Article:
The declining appeal of marriage
The news about marriage, specifically the traditional form, has not been encouraging lately. Official statistics indicate the number of Barbadians entering such unions is in sharp decline while the number of persons opting out of marriage through divorce is on the rise.
What are these trends telling us? Maybe that marriage is losing its appeal because Barbados has made a fundamental shift from being a society defined by the practice of religious faith, predominantly Christianity, to one characterized by secularization.
There are several other possible reasons, including a redefinition of marriage itself, especially in countries like Canada and the United States which influence global trends. Under this revised understanding, marriage is no longer limited to being a union of man and woman but can also involve two men or two women, sexually attracted to each other, if they choose to formalize their relationship.
As understood traditionally, marriage is a practice which seems to be as old as humanity itself. Christians contend that marriage was instituted by God and trace its origins to the Creation story in the Book of Genesis where God presents Eve to Adam to be his partner.
“…and the man exclaimed: “Here is somebody like me. She is part of my body, my own flesh and bones. She came from me, a man, so I will name her ‘woman’. That is why a man will leave his own mother and father. He marries a woman and the two of them become like one person”. Genesis 2: 23-24.
Is the declining popularity of marriage between men and women a development about which society should be concerned? The response, no doubt, will vary based on the perspective of the person to whom the question is posed. If men and women are not getting married like before, it suggests they may be opting for common law unions which, in the Barbadian context, were traditionally frowned upon.
Such unions are considered by the Church as “living in sin” even though there have always been more common law unions in Barbados than marriages and they have been responsible for producing the majority of Barbadians. However, common law unions today are recognized in law, especially in relation to the rights of women and children.
Ironically, evidence suggests that marriage in Biblical times was more along the lines of common law unions. A man, desirous of marrying a woman, usually went to her father and, once his permission was granted, the woman, usually a girl in her teens, became his wife. It was as simple as that. If the man later wanted to get out of the marriage, all he had to do was to take the woman in a public place before witnesses and pronounce three times “I divorce you”.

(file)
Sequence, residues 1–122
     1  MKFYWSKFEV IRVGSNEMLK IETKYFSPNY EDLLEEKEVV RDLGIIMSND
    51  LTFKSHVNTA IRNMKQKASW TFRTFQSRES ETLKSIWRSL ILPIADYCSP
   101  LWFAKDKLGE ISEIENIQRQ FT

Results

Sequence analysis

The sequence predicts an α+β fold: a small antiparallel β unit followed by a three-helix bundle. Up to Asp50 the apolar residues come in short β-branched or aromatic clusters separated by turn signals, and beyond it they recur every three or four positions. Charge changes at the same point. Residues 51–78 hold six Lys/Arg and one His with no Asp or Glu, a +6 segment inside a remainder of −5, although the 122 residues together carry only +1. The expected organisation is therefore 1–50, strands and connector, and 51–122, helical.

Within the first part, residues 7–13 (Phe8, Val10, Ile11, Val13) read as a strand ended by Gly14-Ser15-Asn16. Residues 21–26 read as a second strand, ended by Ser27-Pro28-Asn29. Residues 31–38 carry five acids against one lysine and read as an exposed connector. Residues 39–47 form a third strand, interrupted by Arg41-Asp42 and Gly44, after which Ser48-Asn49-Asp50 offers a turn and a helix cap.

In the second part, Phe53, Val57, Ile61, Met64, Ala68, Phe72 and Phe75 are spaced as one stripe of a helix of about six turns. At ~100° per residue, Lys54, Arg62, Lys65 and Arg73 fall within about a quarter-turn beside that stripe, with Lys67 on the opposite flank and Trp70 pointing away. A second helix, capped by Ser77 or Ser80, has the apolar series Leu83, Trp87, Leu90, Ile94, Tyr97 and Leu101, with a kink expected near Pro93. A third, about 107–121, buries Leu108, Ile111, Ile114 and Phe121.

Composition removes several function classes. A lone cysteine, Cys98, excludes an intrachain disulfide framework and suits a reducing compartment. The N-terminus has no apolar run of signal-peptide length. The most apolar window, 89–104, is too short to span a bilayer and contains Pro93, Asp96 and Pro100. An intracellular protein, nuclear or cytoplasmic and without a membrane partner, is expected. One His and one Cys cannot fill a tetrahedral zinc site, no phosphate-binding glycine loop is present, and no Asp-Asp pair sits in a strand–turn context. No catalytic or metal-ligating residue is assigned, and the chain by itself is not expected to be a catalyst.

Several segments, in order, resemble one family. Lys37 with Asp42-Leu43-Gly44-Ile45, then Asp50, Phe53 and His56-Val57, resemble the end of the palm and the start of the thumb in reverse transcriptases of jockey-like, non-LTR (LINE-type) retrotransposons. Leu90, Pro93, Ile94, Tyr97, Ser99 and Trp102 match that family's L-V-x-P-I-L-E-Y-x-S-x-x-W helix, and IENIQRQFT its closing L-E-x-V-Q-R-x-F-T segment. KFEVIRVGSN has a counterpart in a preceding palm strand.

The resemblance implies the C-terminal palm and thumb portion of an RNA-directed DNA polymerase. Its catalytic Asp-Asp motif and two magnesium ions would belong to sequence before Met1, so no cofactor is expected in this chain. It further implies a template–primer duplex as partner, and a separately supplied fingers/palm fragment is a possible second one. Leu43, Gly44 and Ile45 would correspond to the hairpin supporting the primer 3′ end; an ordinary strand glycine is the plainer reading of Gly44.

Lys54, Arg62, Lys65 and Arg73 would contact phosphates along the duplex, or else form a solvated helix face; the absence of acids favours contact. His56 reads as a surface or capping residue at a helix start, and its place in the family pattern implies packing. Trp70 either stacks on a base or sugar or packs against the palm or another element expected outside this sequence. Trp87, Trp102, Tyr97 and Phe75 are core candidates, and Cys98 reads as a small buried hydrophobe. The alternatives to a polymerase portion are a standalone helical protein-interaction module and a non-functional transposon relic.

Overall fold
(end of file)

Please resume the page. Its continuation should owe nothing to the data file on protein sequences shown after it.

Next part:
Today, rather than being the loose arrangement described here, marriage constitutes a binding legal agreement between two people. This point tends to be overlooked because marriages are more seen in religious terms because most are performed in a church. What basically happens at a church wedding is that God’s blessings are invoked on the marriage made possible through the issue of a licence by the state.
It is only when the couple signs the nuptial agreement that the marriage is official. The priest is there, not in the role of man or woman of God as is the case during other aspects of the service, but as an officer of the state. Indeed, there is a view that a wedding simply formalizes a marriage as the decision of the couple had brought the union into effect before.
Some people will be concerned that declining marriage may lead to social instability. Why should it? Whether formal marriage or common law union, what seems more important is that the union is characterized by mutual love and commitment. Such would provide the stable family environment ideal for children to grow up in. And procreation is considered the key purpose of marriage.
Noticeable tension in the relationships between men and women in Barbados – reflected in the unflattering terms which they sometimes use to describe each other — may be yet another reason why marriage is on the decline. For marriage to work, there must be mutual respect and a willingness on both sides to compromise to ensure a lasting union. Achieving compromise, however, is a difficult proposition today. The present age emphasizes the triumph of the individual at all costs.
Altogether, changing societal conditions appear unfavourable for the traditional institution of marriage. Interest may be down, yes, but marriage certainly is not yet out. At least not for the foreseeable future.